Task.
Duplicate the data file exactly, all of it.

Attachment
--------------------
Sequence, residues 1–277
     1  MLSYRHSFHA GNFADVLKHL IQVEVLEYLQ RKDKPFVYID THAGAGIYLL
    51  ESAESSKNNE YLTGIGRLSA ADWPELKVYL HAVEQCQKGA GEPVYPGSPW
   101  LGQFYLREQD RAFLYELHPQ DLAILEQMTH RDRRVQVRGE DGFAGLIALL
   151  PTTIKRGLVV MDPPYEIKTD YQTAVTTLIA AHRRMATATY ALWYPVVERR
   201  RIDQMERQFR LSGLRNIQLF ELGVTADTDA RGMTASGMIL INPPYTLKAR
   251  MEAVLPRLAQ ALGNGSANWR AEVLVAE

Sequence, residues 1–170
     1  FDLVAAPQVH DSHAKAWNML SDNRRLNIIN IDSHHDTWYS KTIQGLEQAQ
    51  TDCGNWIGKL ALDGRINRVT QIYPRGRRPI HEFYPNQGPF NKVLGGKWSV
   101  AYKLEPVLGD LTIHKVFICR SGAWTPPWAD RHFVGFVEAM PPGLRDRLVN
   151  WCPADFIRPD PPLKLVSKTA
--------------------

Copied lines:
Sequence, residues 1–277
     1  MLSYRHSFHA GNFADVLKHL IQVEVLEYLQ RKDKPFVYID THAGAGIYLL
    51  ESAESSKNNE YLTGIGRLSA ADWPELKVYL HAVEQCQKGA GEPVYPGSPW
   101  LGQFYLREQD RAFLYELHPQ DLAILEQMTH RDRRVQVRGE DGFAGLIALL
   151  PTTIKRGLVV MDPPYEIKTD YQTAVTTLIA AHRRMATATY ALWYPVVERR
   201  RIDQMERQFR LSGLRNIQLF ELGVTADTDA RGMTASGMIL INPPYTLKAR
   251  MEAVLPRLAQ ALGNGSANWR AEVLVAE

Sequence, residues 1–170
     1  FDLVAAPQVH DSHAKAWNML SDNRRLNIIN IDSHHDTWYS KTIQGLEQAQ
    51  TDCGNWIGKL ALDGRINRVT QIYPRGRRPI HEFYPNQGPF NKVLGGKWSV
   101  AYKLEPVLGD LTIHKVFICR SGAWTPPWAD RHFVGFVEAM PPGLRDRLVN
   151  WCPADFIRPD PPLKLVSKTA